Why *can* cached DNS replies be overwritten?
Jay R. Ashworth
jra at baylink.com
Mon Aug 11 10:39:25 CDT 2008
On Mon, Aug 11, 2008 at 11:20:07AM -0400, Leo Bicknell wrote:
> If your vendor told you that you are not at risk they are wrong,
> and need to go re-read the Kaminski paper. EVERYONE is vunerable,
> the only question is if the attack takes 1 second, 1 minute, 1 hour
> or 1 day. While possibly interesting for short term problem
> management none of those are long term fixes. I'm not sure your
> customers care when .COM is poisoned if it took the attacker 1
> second or 1 day.
Correct me if I'm wrong, Leo, but your assertion turns on the fact that
the server will accept an overwriting cache entry for something it
already has cacheed, does it not?
Do djb and Power in fact do that?
If they don't, the window of opportunity to poison something like .com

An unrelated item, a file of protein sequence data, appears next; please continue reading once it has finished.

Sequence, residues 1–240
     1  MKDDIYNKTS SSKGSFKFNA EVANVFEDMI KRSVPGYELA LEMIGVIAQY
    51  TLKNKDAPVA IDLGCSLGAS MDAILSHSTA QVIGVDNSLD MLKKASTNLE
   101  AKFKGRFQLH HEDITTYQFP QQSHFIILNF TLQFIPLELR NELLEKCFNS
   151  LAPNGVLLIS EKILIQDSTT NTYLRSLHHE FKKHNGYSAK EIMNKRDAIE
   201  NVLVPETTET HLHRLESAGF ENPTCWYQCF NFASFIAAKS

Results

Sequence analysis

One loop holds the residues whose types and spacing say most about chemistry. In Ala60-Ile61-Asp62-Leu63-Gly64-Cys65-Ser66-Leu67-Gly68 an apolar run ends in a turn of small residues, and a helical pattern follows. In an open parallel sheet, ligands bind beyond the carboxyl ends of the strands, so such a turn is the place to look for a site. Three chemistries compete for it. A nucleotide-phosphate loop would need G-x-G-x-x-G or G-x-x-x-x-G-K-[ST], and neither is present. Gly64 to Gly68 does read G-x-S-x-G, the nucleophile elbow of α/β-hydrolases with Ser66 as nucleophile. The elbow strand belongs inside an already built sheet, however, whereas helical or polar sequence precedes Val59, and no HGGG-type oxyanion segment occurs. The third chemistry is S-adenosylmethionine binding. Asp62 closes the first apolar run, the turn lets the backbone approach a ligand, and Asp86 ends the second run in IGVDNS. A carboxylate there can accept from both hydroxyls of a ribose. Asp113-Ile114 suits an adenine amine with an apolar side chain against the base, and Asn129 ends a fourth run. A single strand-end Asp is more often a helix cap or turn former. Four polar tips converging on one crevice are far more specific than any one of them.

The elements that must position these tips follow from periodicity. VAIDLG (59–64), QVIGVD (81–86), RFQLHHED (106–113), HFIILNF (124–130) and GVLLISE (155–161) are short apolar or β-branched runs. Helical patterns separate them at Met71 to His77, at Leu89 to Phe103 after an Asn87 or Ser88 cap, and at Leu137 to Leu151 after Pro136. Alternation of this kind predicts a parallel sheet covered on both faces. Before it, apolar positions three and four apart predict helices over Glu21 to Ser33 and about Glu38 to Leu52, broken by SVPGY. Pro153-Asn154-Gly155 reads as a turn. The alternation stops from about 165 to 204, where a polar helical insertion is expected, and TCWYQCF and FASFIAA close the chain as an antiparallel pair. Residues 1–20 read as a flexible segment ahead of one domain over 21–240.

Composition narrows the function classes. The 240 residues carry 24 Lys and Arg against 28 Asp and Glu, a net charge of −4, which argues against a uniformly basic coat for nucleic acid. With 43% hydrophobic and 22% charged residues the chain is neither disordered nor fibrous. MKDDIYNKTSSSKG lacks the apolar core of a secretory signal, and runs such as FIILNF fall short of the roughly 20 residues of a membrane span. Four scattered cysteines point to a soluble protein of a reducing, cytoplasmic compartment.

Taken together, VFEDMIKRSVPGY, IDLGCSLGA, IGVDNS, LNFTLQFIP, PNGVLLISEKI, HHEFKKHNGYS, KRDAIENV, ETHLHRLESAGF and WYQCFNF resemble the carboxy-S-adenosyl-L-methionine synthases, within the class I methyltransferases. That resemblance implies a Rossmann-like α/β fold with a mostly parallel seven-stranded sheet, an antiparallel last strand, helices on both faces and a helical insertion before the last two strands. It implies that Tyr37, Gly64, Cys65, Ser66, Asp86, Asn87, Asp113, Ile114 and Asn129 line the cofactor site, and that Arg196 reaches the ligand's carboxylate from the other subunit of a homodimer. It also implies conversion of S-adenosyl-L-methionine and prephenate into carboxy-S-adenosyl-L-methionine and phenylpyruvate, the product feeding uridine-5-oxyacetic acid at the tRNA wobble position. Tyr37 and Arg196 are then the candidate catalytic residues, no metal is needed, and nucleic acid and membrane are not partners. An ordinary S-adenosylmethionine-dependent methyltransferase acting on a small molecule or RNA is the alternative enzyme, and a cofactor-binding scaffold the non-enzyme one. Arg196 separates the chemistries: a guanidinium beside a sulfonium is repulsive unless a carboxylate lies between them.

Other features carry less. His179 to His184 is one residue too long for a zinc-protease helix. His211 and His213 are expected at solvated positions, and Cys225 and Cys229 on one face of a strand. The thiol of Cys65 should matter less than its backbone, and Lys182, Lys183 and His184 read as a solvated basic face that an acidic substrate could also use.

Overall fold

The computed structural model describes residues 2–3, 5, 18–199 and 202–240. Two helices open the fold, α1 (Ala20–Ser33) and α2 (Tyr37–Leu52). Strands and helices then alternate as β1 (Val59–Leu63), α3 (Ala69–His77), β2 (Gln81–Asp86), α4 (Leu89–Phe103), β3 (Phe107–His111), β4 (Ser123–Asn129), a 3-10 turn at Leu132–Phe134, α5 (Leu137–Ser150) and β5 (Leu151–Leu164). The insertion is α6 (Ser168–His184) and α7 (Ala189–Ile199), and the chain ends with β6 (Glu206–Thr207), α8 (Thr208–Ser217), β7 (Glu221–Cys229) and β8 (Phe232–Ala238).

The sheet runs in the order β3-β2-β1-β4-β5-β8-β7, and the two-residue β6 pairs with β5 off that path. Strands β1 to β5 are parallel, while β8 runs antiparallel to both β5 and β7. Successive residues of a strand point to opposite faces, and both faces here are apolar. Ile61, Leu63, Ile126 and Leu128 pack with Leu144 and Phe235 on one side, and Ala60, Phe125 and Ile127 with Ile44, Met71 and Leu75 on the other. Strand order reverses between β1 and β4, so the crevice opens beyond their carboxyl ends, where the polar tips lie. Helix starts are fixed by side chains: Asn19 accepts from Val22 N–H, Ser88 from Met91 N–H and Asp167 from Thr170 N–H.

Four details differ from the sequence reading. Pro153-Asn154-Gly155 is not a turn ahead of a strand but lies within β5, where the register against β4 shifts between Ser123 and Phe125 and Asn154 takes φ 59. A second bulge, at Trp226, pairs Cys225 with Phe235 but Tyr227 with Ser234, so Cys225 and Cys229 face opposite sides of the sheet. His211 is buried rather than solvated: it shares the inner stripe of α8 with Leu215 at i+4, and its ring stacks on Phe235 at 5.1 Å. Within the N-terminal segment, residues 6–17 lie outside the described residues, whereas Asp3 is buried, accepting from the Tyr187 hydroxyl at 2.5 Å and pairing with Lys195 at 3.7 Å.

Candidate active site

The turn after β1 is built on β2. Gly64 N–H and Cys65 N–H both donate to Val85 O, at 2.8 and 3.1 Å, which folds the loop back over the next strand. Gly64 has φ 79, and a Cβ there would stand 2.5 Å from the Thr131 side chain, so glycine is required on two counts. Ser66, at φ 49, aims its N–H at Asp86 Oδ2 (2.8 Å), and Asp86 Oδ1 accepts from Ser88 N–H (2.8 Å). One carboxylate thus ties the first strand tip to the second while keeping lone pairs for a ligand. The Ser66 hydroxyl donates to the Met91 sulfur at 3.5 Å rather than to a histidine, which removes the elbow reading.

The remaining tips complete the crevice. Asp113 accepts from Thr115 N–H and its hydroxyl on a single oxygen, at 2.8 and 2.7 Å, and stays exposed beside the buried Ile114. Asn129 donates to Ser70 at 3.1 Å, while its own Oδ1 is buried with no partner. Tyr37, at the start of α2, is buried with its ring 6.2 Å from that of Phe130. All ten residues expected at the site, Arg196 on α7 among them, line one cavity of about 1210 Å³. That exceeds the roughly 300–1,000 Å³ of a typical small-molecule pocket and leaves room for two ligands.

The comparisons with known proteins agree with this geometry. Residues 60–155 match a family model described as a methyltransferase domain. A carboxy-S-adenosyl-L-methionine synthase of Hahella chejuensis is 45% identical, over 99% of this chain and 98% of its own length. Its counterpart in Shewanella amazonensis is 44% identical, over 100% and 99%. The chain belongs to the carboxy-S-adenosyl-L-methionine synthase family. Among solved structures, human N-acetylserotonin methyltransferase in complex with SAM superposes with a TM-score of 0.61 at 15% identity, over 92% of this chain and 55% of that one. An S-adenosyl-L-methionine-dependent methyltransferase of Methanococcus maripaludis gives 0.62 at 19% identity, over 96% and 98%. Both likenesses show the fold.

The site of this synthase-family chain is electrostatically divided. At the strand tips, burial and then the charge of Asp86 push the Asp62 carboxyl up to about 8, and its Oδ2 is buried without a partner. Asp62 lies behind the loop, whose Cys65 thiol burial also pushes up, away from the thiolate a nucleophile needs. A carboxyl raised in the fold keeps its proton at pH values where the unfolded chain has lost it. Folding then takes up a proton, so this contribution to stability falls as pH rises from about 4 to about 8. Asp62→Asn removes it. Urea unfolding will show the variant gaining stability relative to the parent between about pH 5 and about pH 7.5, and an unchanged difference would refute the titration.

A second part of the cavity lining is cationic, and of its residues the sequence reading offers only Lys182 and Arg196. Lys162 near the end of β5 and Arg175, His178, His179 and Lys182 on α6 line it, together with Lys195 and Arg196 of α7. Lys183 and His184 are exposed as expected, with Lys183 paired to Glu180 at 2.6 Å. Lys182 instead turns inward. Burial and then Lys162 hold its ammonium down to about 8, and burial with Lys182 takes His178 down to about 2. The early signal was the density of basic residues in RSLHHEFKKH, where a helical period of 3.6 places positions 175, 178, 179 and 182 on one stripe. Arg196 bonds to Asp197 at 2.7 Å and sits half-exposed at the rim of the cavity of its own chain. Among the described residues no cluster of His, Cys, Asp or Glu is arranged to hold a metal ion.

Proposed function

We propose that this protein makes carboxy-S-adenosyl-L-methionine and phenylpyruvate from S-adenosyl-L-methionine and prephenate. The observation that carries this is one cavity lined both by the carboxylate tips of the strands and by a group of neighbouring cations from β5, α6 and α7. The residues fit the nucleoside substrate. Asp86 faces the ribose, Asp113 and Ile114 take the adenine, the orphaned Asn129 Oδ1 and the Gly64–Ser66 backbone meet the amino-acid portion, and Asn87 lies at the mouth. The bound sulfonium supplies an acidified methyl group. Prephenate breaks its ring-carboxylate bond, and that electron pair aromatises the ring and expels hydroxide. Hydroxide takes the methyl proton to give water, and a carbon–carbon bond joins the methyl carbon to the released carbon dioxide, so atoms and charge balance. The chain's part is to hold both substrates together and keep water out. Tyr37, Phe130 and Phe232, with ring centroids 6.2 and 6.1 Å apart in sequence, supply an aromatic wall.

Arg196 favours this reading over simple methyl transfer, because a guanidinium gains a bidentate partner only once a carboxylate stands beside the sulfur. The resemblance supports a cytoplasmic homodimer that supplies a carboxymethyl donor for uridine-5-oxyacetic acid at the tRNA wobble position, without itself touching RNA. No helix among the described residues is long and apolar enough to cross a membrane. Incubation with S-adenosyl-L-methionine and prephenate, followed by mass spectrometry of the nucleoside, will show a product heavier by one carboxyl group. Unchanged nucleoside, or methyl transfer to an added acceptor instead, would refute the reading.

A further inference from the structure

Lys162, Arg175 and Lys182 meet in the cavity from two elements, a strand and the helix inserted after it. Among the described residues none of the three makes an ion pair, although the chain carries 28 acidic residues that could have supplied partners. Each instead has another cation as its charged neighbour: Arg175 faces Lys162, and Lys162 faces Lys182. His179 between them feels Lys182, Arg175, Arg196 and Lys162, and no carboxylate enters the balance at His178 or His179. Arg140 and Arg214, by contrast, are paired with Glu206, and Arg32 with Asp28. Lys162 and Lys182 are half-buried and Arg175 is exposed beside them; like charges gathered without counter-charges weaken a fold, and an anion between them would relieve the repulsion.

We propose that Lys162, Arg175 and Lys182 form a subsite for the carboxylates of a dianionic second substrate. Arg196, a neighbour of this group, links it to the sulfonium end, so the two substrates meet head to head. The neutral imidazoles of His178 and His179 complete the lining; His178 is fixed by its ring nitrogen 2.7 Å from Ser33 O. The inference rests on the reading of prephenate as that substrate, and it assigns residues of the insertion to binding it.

is limited to the period between when that entry expires from the local
server's cache and the next time it hears a reply -- which will be the
time after that expiry when someone next requests a .com name; IE
almost immediately, no?
Everyone seems to continue asking "why can poisoning overwrite already
cached answer" and no one seems to be answering, and, unless I'm a
moron (which is not impossible), that's the crux of this issue.
Jay R. Ashworth Baylink jra at baylink.com
Designer The Things I Think RFC 2100
Ashworth & Associates http://baylink.pitas.com '87 e24
St Petersburg FL USA http://photo.imageinc.us +1 727 647 1274
Those who cast the vote decide nothing.
Those who count the vote decide everything.
-- (Josef Stalin)
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